Doug Wolter: Youth sports are big-time for little kids

Cooper Jones, 9, (red shirt) and Elroy Nkashama (7) practice their bat and ball skills in Worthington on a warm, sunny Wednesday afternoon. Organized youth sports are on hold, but summer's on the way. (Doug Wolter/The Globe)

I live only 16 miles from Sibley, Iowa, where I received my first organized instruction in Little League baseball. I don’t get back there much, but when I do I typically drive past Sibley’s central park and past the field where I used to play.

That field seems so much smaller now. It’s the way things change when you get old. Everything you thought was big and wonderful when you were 9 looks small when you become an adult.

Why is that? Do familiar places and things shrink as you get older? Or is it because something has happened inside our brains, exchanging our childlike wonder of the world around us with tiresome vapidity?

It happened to me in a dispiriting way last December, in fact, when I returned briefly to the old homestead in Allendorf and found it -- and everything around it -- so small-scale that I actually wondered, for a moment, if I had come to the wrong place. The house itself seemed so much tinier than I had remembered it. The front yard, which used to feel so open and so grand, seemed as if it had been squeezed from all sides into less than half the size I’d recalled it as a kid. Weird.

The old Sibley Little League field is like that, too. Were the bases really that close together? The pitcher’s mound, which seemed so smartly placed when I was in the fifth grade, looks almost on top of the hitter today. When I used to pitch there, it seemed plenty far away, but not far enough away when Mike Weston pitched against us.


Mike Weston. I don’t know what happened to him since high school, but he was a Little League phenom in Sibley. His fastballs whooshed by us like little rockets. We all felt good about ourselves if we could hit a Weston fastball -- anywhere. It was better than striking out.

Steve Wick hit a drive once that bounced across the street into the yard of my friend, Curt Stanton. It was a ground-rule double. It was the longest poke I’d ever seen in Little League, but it doesn’t seem like such a mammoth blast today, 54 years later. That’s because the field has shrunk. Not really. It just seems like it because I am so much older now.

These memories come back to me because it is late April and spring sports is dead because of the coronavirus. I’m thinking ahead to the summer and wondering what will happen with youth sports. A page on the Worthington Area YMCA website tells us that youth sports are still being planned for the summer, and I certainly hope that doesn’t change.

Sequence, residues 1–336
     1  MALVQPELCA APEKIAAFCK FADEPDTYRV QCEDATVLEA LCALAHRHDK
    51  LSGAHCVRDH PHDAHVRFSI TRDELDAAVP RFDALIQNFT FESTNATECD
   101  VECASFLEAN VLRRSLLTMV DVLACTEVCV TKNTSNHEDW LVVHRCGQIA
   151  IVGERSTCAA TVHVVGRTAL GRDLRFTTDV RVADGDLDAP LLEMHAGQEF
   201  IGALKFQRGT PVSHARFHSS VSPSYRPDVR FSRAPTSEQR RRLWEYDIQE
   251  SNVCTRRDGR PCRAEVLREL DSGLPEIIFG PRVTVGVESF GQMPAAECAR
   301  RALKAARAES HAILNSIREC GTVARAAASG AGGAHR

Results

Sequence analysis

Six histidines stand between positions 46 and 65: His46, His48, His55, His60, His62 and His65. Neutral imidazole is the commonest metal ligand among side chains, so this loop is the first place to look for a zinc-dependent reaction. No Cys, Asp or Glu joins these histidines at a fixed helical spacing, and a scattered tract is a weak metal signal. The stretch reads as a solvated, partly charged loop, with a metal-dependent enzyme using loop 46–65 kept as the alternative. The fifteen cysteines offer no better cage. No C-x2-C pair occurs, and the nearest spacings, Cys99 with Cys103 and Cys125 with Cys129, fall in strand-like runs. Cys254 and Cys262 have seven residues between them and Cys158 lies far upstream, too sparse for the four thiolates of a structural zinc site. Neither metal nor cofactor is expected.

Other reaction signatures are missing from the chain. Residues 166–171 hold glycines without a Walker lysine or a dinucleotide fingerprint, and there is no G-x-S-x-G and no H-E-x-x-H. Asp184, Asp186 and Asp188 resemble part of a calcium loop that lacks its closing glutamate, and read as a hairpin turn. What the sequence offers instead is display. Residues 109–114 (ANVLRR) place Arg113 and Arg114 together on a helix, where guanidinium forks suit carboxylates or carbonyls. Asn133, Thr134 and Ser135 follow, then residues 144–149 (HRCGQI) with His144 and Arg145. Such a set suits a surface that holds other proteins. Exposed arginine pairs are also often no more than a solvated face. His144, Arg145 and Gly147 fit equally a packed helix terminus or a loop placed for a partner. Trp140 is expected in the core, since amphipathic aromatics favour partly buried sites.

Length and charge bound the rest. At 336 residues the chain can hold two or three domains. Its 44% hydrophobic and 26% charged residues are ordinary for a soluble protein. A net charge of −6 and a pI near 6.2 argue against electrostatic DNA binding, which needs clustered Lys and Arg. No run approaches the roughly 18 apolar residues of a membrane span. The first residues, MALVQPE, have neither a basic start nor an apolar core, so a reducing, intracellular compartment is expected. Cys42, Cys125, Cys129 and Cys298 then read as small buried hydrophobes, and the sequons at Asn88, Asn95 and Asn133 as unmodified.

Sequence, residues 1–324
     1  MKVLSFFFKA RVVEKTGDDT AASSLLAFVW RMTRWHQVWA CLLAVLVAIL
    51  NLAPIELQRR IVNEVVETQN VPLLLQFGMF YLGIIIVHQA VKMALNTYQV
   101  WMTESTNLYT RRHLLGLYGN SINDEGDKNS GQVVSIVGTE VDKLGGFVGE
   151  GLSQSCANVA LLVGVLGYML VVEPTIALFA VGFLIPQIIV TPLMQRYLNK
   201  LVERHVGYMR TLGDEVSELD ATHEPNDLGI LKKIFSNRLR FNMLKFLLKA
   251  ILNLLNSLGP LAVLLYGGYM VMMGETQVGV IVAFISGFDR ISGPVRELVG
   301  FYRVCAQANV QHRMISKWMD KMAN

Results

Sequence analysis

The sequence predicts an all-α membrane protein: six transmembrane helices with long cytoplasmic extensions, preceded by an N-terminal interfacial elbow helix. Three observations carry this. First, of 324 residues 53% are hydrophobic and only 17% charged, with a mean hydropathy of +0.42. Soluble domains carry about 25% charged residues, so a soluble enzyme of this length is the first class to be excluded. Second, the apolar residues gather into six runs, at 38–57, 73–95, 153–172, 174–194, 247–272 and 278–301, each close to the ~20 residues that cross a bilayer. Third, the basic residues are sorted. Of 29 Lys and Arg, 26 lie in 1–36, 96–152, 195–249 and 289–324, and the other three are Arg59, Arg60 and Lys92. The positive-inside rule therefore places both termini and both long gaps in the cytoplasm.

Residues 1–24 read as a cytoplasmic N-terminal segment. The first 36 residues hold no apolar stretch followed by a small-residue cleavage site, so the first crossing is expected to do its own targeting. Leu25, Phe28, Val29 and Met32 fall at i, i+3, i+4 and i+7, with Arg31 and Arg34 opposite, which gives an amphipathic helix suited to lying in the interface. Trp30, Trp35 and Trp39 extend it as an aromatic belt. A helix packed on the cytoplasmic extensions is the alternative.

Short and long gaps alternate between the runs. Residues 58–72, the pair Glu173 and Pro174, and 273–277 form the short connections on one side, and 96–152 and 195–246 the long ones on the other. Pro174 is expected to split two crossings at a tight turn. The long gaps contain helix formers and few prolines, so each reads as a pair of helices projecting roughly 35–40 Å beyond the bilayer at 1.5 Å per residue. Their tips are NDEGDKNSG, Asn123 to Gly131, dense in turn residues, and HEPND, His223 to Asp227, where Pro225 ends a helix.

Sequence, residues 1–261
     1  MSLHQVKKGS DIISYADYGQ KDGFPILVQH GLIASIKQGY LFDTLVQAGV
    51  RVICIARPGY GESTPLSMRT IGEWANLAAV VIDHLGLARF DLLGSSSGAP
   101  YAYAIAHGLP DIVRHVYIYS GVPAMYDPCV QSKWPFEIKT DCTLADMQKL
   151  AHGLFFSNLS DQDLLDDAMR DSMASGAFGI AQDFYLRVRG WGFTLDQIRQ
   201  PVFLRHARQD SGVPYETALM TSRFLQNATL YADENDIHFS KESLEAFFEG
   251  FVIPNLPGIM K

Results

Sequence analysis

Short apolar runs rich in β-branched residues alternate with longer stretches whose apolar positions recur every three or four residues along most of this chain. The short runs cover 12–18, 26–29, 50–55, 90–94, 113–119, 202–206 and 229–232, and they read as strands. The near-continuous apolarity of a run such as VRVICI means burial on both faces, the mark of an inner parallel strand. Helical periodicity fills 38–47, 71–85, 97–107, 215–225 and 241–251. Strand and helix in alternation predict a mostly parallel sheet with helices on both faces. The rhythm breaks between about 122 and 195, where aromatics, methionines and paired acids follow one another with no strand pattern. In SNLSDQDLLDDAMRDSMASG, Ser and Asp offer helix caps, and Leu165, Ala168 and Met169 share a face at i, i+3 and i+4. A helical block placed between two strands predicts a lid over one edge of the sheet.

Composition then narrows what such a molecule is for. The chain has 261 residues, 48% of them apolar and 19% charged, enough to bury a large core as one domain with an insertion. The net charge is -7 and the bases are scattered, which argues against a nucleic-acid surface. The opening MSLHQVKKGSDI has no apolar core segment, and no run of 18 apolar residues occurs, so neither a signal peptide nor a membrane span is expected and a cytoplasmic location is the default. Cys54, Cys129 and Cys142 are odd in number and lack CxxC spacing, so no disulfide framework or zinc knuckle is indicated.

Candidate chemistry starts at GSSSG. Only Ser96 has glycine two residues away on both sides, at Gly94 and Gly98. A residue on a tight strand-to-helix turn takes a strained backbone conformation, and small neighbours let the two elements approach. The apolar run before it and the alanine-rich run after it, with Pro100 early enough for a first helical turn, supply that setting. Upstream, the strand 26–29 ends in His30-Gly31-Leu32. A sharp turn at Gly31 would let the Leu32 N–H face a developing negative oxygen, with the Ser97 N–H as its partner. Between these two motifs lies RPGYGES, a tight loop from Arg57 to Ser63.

Kids need their summer activities, perhaps especially now that it’s so easy for them to stay indoors and play video games when they should be outside running around with their friends. Children will never know what they’ve missed if they don’t play summer sports. But if they participate, they’ll realize when they get older that they’ve learned valuable lessons there.

When I was a Little Leaguer, I wasn’t thinking about the lessons. I just wanted to play. Playing was more important than anything. Heaven forbid it should rain on a Little League night. If it rained, I was mad. Really mad. It was the worst thing that could happen to me. I thought that the world was going to end.

What a silly kid I was. But it’s important to be active. Maybe some of us adults have forgotten that since we’ve gotten old and so attached to our grown-up lives.

There is a nifty little book I have at home called “The Rules of the Game: Simple Truths Learned from Little League,” written by a former Little League player and coach. Youth sports, the author explains, not surprisingly, is a marvelous teacher of life skills.

Here’s a good excerpt from the book, as the coach recalls a Little League pitcher who is on the wild side. “Suddenly I noticed a flash of white to my left, and I saw Drew’s warm-up pitch hit the fence of the dugout, three feet over Chad’s outstretched glove. I moved silently down the bench, placed a batting helmet on my head, and returned to my seat. I said nothing.”


It reminds me of my very first Little League game. There were two pitchers on our team, myself and this other kid I’d never seen before. He pitched the first game, and he was wild in the way young pitchers often are wild. I recall standing at my shortstop position, fuming. I wanted him to be replaced. By me, naturally.

Alas, our coach made no pitching change. I was, of course, too young and stubborn at the time to understand that our coach wasn’t coaching as much as he was teaching. As it turned out, that wild pitcher became quite good at his craft as the weeks went by.

I must have learned something, too. That fall, I noticed my pitching teammate on the first day of sixth grade. He was in my class. We became best friends, all the way through high school.

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